In addition to the costs, there is a need for a new set of dedicated policies to help households ease into cooking in better and cleaner ways. However, this is no small project, and would involve over 40% of the entire world’s population.The estimated cost of this would be approximately $750-1000 billion within the next 20 years.

There are so many details and so much money involved, that even the head researcher Dr. Shonali Pachauri doesn’t fully believe that universal access to clean and modern energy is possible. In fact, she states in another interview that the scale of the investment is so enormous that it would probably require additional sources of finances from private companies. However, the benefits are equally enormous and thus we must all begin to consider whether or not these benefits out-weigh the bad.

In addition to this study with its program, the UN also declared 2012 as the “International Year of Sustainable Energy for All,” and has made their own promises for 2030. Even without the establishment of a full program, even the barest framework would bring cleaner energy to up to 810 million people around the world in rural or impoverished areas by 2030. However, millions more in rural Asia and sub-Saharan Africa would remain without access to these modern energy sources. So, the next time that you’re cooking a meal in your more-than-likely modern kitchen, be thankful!

For more information you can visit here:

Going to class? Go green!

So, a lot of you will be heading off to college soon. And campus life brings tons of new experiences. But how to make those new experiences eco-friendly? Let’s start by tackling a big one: getting to class.

Dorms are so expensive. A lot of students, looking for ways  to be more economically savvy, either commute from their parents’ houses (if they’re local) or get apartments off campus.

Either way, the journey to campus usually takes a little longer. Many will opt for walking, but sometimes the apartment is too far. Sometimes it will rain. Sometimes, you’ll just be having a bad day.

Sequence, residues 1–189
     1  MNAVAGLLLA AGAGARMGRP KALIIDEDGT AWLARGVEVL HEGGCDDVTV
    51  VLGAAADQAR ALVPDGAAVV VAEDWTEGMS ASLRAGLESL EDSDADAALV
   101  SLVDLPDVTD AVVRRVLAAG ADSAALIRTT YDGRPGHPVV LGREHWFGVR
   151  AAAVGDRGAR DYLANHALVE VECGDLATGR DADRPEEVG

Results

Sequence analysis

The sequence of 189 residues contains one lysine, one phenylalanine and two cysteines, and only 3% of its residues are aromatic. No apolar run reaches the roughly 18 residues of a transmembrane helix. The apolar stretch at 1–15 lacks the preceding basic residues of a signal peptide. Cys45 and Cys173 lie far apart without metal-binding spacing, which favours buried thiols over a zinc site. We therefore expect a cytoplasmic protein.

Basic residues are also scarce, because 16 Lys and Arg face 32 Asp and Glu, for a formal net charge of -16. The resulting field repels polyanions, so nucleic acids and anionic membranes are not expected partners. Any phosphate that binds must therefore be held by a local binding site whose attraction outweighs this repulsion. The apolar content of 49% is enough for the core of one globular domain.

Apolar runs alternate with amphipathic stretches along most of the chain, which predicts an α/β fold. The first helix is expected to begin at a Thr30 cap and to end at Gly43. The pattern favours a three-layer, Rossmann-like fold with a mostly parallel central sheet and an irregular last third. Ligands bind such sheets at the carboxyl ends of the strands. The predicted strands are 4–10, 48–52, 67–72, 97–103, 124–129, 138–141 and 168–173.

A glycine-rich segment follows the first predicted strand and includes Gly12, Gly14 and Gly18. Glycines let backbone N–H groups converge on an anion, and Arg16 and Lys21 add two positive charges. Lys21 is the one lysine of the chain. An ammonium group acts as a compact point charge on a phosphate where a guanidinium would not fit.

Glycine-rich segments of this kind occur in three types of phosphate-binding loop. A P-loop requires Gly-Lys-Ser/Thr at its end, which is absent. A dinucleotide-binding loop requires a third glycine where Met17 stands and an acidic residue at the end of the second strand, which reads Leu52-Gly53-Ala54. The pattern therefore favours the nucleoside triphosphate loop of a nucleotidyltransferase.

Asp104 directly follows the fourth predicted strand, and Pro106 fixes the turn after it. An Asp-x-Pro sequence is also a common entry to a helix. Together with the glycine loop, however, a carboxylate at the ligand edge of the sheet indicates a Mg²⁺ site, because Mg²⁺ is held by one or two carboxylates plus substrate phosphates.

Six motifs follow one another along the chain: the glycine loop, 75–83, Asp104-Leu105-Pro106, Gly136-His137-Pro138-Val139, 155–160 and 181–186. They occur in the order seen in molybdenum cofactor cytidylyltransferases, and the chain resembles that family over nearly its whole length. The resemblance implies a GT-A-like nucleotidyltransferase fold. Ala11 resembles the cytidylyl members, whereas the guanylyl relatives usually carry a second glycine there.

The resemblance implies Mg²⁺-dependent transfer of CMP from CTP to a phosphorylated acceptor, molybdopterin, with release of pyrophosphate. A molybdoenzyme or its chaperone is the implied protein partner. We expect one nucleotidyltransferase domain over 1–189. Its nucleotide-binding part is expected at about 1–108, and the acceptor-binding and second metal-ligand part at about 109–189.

We know, it’s hard. #firstworldproblems

The point is, you want to get where you’re going without hurting the environment, right? So here are some suggestions for keeping it green:

  1. Ride your bike. Especially if it’s sunny out, why wouldn’t you want to? Riding bikes is just so much fun! What if it rains and the sidewalks are too slippery for bikes, you say?…
  2. …just walk. Take an umbrella. And put on your rain boots. We promise it won’t kill you. And sometimes it’s pretty soothing to go for a relaxing walk in the rain, especially if it’s just a steady patter. However, if it’s storming…
  3. …take public transportation. Many cities–especially ones with colleges and universities–at have bus systems set up to make campus more accessible. If this isn’t the case…
  4. …bum a ride off of a friend. (The buzzword here is “carpool”.) If a car is necessary, double-up (or triple-up!) on the way. You get where you’re going, you get some social time, and you keep a couple extra pollution-spouting vehicles off the road. And while you’re bumming rides…

Have any more suggestions? What ways are you getting to campus? Do you have a plan? Let us know in a comment below!

More than Just Recycling!

When we think of saving the Earth and helping the environment, we come to a common thought: recycling paper. But did you know that recycling doesn’t necessarily mean just paper, cans/bottles and metal? There are more than 40 ways of going green other than just recycling!

Here are some interesting ways of going green:
• Don’t leave your computer plugged in! Even if it is sleeping, it’s still sucking up energy. Turn your computer off at the end of the day or better yet, use the charger sparingly.
• Look into carpooling with your friends or riding the bus home.
• Buy rechargeable batteries and dispose old batteries properly.
• Donate old newspapers to animal shelters.
• Convince your parents to use a cloth/canvas grocery bags instead of using plastic bags.